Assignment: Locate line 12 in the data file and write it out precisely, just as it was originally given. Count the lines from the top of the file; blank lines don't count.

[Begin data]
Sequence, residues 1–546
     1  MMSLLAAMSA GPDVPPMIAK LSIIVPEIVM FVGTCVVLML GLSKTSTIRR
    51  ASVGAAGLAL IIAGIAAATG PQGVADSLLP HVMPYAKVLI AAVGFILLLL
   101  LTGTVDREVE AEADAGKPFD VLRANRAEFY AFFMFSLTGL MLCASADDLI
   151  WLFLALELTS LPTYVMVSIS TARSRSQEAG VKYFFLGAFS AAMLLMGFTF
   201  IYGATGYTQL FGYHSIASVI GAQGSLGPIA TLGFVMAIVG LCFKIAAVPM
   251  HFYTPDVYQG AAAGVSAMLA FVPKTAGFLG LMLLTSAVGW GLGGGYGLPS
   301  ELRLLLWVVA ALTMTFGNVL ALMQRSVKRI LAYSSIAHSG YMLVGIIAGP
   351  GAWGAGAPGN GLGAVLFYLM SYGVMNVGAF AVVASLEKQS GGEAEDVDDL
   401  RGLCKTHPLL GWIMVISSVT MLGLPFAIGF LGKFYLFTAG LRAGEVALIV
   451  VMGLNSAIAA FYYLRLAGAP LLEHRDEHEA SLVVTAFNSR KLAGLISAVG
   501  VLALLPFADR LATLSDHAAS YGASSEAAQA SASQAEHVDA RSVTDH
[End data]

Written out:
   501  VLALLPFADR LATLSDHAAS YGASSEAAQA SASQAEHVDA RSVTDH